GJ van Velze: Worcester Warriors captain on how he fell back in love with rugby
|Gallagher Premiership Rugby|
|Dates: 31 August - 1 June Coverage: Commentary on BBC Radio 5 live, sports extra and local radio on BBC Sport website, mobile, tablet and app. Reports on all matches and live text commentary on selected games.|
Worcester Warriors captain GJ van Velze will not forget his side's first game of the season two years ago - even if he maybe could not remember much about it at the time.
Up against Saracens in the showcase seasonal opener at Twickenham, the big South African number eight suffered a concussion injury.
A seemingly harmless bodycheck by Sarries flanker Michael Rhodes at a ruck left him with a "throbbing headache", medical advice to do nothing for a month and, eventually, the rest of the season off.
It was not until June 2017 before he satisfied the medics, passed his concussion tests and was allowed to report for first-team duty again.
Now, more than a year on, after making a successful return to action last season under the leadership of the now retired Donncha O'Callaghan, he is back installed as Warriors captain for this weekend's opening fixture at home to Wasps
With a renewed love of not only rugby, but life itself, he is determined not to hold anything back.
'Not many get a second shot'
"You go through a stage where you think 'Is that it? Am I done?' I'm very lucky," said the 30-year-old from the South African province now known as Mpumalanga, which, in young Gerrit-Jan's childhood, was known as Eastern Transvaal.
"Not too many people get a second shot at it.
"It was all tough for my wife. It was the first time I've ever experienced a long-term injury and the mental side of that. The lack of what we know about concussion was the difficult part, the mixed messages.
"I'd lie if I said, in those first games when I came back, that I was 100%. It's human nature.
"There'd be times when I'd be thinking 'Is that normal?' Then you go into a snowball effect where you start questioning everything. 'This headache I'm waking up with - is it because there's something wrong? Or simply because of a lack of water and I'm dehydrated?'
"But I wouldn't say I'd made a conscious decision of not doing something on the field because I'm concerned about my health. In the end, I played a high number of games last year and it was almost like falling in love again with rugby.
"This sport's only getting more physical. Bigger people are playing it so we have to look after players, we have a responsibility across the world.
"Having said that, we can't wrap everybody up in cotton wool. What we do is not normal. Especially at a professional level, it's not normal. But there's a reason why we do it. It's what we get back from it. We do it because we love it."
The O'Callaghan effect
Van Velze's path back to full-time professional rugby was helped by the love and support of his wife and family, not to mention his club, especially the time put in by former Warriors head of medical Julie Hayton.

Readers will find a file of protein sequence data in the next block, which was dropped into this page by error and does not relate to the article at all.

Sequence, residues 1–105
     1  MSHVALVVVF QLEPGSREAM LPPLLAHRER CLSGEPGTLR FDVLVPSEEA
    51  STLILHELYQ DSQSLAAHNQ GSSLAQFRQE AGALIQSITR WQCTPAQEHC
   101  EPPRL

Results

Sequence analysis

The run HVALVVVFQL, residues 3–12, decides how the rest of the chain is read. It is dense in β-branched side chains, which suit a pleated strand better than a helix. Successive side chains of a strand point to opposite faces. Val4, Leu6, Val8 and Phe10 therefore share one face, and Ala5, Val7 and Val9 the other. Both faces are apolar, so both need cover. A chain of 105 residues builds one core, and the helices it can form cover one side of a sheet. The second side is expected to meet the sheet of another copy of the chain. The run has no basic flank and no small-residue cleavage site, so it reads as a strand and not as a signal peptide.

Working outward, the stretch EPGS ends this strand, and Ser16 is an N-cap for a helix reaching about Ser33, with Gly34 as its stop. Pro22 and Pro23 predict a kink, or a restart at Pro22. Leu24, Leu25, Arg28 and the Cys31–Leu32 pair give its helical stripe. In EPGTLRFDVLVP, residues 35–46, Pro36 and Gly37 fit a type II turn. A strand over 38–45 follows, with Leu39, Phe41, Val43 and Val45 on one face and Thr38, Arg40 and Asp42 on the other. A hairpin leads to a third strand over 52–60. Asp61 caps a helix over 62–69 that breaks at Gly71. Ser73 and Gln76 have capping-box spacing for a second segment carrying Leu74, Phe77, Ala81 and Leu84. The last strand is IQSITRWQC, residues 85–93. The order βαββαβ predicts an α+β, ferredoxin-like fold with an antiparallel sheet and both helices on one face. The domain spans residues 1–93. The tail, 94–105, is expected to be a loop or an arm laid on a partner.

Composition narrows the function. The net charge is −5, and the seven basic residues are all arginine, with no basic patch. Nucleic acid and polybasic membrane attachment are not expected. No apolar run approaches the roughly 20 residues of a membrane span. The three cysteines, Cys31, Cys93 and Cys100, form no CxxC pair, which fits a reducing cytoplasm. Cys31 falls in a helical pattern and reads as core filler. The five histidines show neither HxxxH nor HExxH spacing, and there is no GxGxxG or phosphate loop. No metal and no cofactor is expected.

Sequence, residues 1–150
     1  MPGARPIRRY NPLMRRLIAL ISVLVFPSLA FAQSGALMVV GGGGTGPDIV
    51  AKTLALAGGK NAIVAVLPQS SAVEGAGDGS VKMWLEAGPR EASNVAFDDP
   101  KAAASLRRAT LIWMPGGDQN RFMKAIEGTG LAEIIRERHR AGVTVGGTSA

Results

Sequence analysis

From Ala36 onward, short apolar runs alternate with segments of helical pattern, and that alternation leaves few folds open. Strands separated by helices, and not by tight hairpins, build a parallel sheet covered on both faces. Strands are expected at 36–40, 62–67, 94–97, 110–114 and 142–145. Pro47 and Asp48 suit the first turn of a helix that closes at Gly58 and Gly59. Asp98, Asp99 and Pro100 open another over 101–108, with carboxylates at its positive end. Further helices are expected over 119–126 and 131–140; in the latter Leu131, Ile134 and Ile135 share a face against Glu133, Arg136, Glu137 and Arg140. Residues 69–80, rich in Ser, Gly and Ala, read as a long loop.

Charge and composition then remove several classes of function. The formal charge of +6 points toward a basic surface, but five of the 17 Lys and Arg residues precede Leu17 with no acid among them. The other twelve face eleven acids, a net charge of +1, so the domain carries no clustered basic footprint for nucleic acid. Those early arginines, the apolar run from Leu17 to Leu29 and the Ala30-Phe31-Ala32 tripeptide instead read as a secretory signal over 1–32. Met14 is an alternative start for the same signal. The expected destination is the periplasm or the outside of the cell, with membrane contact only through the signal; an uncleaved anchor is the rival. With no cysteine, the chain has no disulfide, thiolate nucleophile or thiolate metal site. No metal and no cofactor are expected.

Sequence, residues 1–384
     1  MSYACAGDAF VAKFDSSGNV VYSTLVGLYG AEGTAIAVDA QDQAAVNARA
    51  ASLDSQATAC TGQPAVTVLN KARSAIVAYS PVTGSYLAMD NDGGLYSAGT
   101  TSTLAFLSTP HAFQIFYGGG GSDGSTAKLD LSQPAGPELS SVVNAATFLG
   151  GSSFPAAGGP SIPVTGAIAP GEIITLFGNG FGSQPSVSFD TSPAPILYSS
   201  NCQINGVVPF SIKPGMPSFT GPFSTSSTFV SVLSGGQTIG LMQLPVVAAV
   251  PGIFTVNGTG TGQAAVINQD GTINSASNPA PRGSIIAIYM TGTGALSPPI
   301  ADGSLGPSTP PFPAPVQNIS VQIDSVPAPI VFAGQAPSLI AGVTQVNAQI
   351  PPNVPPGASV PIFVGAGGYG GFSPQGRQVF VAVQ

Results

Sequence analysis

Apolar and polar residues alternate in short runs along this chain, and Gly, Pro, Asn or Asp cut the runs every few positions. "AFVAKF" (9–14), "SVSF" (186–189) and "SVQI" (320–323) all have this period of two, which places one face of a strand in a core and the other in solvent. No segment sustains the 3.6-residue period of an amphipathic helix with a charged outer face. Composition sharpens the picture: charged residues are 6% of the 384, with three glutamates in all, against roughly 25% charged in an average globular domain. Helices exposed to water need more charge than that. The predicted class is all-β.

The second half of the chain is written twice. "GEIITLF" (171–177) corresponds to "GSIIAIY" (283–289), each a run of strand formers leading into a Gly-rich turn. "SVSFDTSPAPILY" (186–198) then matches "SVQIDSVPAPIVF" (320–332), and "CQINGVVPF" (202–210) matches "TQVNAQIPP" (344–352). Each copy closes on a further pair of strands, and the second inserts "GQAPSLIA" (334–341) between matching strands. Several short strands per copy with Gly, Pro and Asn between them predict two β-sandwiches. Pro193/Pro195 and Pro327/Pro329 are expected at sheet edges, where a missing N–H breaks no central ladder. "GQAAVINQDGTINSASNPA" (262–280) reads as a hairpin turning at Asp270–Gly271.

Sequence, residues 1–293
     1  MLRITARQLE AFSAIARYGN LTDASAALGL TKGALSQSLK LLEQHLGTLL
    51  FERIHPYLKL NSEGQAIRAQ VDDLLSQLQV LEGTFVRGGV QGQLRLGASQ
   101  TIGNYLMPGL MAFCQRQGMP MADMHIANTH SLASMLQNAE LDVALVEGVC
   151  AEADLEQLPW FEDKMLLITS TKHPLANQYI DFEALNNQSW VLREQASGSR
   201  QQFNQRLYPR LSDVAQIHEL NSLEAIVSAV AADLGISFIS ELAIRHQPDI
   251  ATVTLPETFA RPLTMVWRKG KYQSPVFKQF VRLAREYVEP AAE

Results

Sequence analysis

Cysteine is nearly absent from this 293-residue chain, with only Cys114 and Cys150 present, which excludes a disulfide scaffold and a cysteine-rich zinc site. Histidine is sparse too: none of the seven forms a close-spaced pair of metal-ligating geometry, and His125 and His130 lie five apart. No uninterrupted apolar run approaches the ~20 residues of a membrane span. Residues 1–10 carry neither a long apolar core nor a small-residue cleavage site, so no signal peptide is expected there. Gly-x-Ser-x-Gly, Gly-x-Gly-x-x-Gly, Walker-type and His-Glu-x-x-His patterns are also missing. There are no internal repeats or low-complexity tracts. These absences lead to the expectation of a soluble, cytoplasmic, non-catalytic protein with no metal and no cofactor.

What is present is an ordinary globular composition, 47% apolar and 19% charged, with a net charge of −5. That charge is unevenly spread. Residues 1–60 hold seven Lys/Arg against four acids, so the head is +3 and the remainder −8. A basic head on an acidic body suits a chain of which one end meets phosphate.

But, of all the workmates to help him the most, he pinpoints the influence of former Ireland international O'Callaghan, finally now retired at 39, after rounding off his illustrious career with three seasons at Sixways.
"I both enjoyed and learned a lot last year playing under Donncha," he said. "An exceptional rugby player. And an even better bloke.
"It was remarkable the effect he had in such a short space of time. But to know he's only a phone call away is nice.
"Credit to the club, and to Julie Hayton in particular. But what I most picked up from Donncha was the way I had to change a bit of my lifestyle. I had to place a lot more emphasis on recovery.
"The injury did force me to look at the way I play a bit, mostly in terms of when I get fatigued and making sure I don't get into the wrong positions. When you're a bit younger, you might get away with it."
Consistency is Warriors' key
Rumours still suggest that Warriors, who have officially been up for sale for a year, and open to offers for a lot longer, will soon have new owners.
But, while current owner Greg Allen's search for new investment in Sixways might be set to come to an end, Van Velze is insistent, as he prepares to embark on his fifth season at the club, that spirits have never been as high as they are now under director of rugby Alan Solomons - and his new assistant Rory Duncan.
After encouragingly finishing ninth in 2004-05, then eighth in 2005-06, in their first two seasons in the Premiership following promotion, Warriors have under achieved.
In their 10 seasons in the top flight since, they have never come higher than 10th, which they have done three times, as well as being relegated twice and finishing 11th five times - the most recent of those in May.
But, following a season in which they won at both Leicester and champions Exeter for the first time, Van Velze knows the key to their hopes this season is ensuring any further such quality displays are not one-offs.
"That's the beauty of the Premiership," he said. "It's so tough. But our true challenge is consistency. A lot of that comes from desire and whether we are prepared to work hard for what we want to achieve.
"But there is now a great synergy with management, which maybe we've lacked over the years. And there is a very good feel about how we might go this season.
"Personally, I now take nothing for granted. All I know is that what I went through made me a better person and the fact that I'm back in a leadership role makes me very happy and hopeful too."